Mises, Hayek and the Austrian Theory of Money and the Business Cycle However, in the early and middle years of the 1930s, the Austrian explanation of the Great Depression was at the forefront of the theoretical and policy debates of the time. Ludwig von Mises (1881 – 1973), first developed this ‘Austrian’ theory of the causes of inflations and depressions in his book, The Theory of Money and Credit(1912; 2nd revised ed., 1924) and then in his monograph, Monetary Stabilization and Cyclical Policy (1928).
But its international recognition and role in the business cycle debates and controversies in the 1930s were particularly due to Friedrich A. Hayek’s (1899 – 1992) version of the theory as presented in his works, Prices and Production (1932) Monetary Theory and the Trade Cycle (1933), and Profits, Interest and Investment (1939). A professor of economics at the London School of Economics throughout the 1930s and 1940s, Hayek was, at the time, considered by many to be the main competitor against John Maynard Keynes’s ‘New Economics’ that emerged out of Keynes’s 1936 book, The General Theory of Employment, Interest and Money.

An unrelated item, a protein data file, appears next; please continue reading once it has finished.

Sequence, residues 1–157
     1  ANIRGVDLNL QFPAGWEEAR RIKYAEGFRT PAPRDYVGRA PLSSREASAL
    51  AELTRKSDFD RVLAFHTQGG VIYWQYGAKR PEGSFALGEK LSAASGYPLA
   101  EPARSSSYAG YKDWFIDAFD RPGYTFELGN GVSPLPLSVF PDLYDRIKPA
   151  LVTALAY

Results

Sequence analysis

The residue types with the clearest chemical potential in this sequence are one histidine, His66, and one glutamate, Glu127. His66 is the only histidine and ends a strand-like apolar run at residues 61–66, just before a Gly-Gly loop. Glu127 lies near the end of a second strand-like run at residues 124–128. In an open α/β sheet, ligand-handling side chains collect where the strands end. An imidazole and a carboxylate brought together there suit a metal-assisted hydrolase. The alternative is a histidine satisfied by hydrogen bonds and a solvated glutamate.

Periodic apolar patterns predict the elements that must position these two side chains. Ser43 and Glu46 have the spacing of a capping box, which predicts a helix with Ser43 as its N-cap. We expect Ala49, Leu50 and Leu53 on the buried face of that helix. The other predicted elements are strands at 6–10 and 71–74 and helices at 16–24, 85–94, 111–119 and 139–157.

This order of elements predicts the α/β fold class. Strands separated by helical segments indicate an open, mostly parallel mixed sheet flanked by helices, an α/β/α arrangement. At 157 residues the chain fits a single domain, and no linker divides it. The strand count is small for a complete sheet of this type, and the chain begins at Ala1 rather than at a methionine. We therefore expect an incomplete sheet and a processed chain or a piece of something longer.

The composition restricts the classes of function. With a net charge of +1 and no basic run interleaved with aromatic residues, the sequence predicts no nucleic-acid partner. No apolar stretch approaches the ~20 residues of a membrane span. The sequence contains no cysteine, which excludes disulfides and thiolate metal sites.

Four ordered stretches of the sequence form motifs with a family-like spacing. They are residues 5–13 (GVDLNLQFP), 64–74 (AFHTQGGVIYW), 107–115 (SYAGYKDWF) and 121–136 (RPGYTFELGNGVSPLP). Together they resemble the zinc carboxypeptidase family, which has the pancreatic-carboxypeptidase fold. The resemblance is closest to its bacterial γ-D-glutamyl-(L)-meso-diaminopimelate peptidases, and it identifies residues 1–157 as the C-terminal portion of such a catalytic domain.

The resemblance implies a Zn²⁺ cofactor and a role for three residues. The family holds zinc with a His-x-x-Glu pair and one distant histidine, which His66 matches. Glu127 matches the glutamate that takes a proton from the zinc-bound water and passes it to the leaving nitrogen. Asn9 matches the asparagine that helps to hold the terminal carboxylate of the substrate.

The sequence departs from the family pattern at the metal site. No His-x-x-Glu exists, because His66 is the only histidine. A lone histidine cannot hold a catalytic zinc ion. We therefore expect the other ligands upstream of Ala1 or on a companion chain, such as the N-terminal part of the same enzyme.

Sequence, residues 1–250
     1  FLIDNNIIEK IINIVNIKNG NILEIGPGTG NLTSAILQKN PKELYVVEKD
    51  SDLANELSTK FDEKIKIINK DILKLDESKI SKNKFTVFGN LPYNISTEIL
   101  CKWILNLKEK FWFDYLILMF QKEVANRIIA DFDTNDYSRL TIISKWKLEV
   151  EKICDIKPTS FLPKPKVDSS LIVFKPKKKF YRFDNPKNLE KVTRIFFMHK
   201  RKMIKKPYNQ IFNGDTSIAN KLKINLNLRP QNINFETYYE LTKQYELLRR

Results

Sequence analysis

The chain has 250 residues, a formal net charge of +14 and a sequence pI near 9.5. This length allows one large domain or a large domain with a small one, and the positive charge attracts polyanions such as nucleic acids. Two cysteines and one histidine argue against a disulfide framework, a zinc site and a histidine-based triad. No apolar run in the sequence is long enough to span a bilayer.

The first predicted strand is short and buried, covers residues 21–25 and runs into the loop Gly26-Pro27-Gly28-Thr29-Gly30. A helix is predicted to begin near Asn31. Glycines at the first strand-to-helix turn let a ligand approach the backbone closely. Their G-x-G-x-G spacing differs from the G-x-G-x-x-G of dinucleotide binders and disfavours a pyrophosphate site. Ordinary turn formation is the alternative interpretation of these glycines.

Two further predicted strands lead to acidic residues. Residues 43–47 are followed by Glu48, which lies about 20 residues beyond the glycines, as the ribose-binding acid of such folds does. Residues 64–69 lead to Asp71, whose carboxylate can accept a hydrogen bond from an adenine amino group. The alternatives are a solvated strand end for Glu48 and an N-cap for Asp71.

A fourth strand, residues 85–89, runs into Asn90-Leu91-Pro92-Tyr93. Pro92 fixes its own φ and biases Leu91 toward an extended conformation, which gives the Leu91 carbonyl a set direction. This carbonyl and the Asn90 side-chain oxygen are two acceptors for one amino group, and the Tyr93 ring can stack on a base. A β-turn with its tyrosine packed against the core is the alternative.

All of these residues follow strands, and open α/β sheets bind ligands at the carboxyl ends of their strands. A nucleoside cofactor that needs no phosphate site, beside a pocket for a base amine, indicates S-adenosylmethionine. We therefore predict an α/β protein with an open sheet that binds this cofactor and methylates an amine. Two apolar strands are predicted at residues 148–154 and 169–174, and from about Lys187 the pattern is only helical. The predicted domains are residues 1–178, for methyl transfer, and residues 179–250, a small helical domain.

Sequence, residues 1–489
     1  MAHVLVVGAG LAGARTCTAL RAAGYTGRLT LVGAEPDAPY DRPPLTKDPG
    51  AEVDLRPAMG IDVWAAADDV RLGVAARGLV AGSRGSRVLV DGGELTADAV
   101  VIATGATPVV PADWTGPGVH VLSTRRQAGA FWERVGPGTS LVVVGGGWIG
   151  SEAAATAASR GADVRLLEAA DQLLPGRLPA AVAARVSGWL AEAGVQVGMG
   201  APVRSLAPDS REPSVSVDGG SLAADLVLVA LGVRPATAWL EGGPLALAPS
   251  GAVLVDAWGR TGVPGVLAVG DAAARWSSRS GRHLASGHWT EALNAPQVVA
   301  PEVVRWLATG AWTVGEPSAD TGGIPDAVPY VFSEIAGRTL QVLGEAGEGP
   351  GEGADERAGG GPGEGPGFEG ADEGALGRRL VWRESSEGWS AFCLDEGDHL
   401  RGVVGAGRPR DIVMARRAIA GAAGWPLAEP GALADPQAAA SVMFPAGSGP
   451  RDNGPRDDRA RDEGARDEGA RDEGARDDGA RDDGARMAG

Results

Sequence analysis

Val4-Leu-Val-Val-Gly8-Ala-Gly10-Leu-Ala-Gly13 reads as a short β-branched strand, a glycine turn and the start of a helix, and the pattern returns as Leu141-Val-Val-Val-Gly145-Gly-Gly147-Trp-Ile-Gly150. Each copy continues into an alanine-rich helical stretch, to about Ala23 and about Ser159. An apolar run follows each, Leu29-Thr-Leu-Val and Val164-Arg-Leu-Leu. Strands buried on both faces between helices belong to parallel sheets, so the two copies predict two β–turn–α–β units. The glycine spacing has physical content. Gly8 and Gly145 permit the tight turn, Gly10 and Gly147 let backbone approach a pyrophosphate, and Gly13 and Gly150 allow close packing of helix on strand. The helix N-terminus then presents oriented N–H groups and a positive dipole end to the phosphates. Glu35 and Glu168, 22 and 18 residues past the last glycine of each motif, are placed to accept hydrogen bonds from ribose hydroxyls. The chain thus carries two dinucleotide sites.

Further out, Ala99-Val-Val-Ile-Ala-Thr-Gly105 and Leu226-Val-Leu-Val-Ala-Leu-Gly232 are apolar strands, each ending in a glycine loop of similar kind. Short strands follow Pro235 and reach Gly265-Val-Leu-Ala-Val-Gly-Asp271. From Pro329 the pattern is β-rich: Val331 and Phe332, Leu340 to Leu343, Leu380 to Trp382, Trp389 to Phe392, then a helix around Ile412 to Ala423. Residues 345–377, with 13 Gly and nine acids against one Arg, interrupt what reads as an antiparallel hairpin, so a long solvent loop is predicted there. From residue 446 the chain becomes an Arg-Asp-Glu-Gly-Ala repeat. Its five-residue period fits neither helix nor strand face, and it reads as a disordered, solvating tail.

This post was published at Ludwig von Mises Institute on 12/19/2017.

Get Government out of the Welfare Business

Fighting poverty is a favorite pastime of government because politicians get to portray themselves as champions of the poor. However, the unfortunate few tend to be far fewer in number when aid is extended privately instead of through tax funded programs.
Government Bureaucracies Benefit from Welfare Programs
Coercion is used to acquire the revenue (taxes) to finance welfare programs. As evidenced by the commission it retains prior to redistributing this wealth, government bureaucracies are one of the beneficiaries of these programs, and thus highly incentivized to claim a perpetual need for the programs. I live in Canada, where the number of federal government welfare program employees increased by 43% between 2006 and 2012. Clearly, it serves the interests of politicians and bureaucrats to create (impose) a culture of dependency. As Murray Rothbard wrote in For a New Liberty:
Since welfare families are paid proportionately to the number of their children, the system provides an important subsidy for the production or more children. Furthermore, the people being induced to have more children are precisely those who can afford it least; the result can only be to perpetuate their dependence on welfare, and, in fact, to develop generations who are permanently dependent on the welfare dole.

This post was published at Ludwig von Mises Institute on Dec 4, 2017.

The Corrupt Origins of Central Banking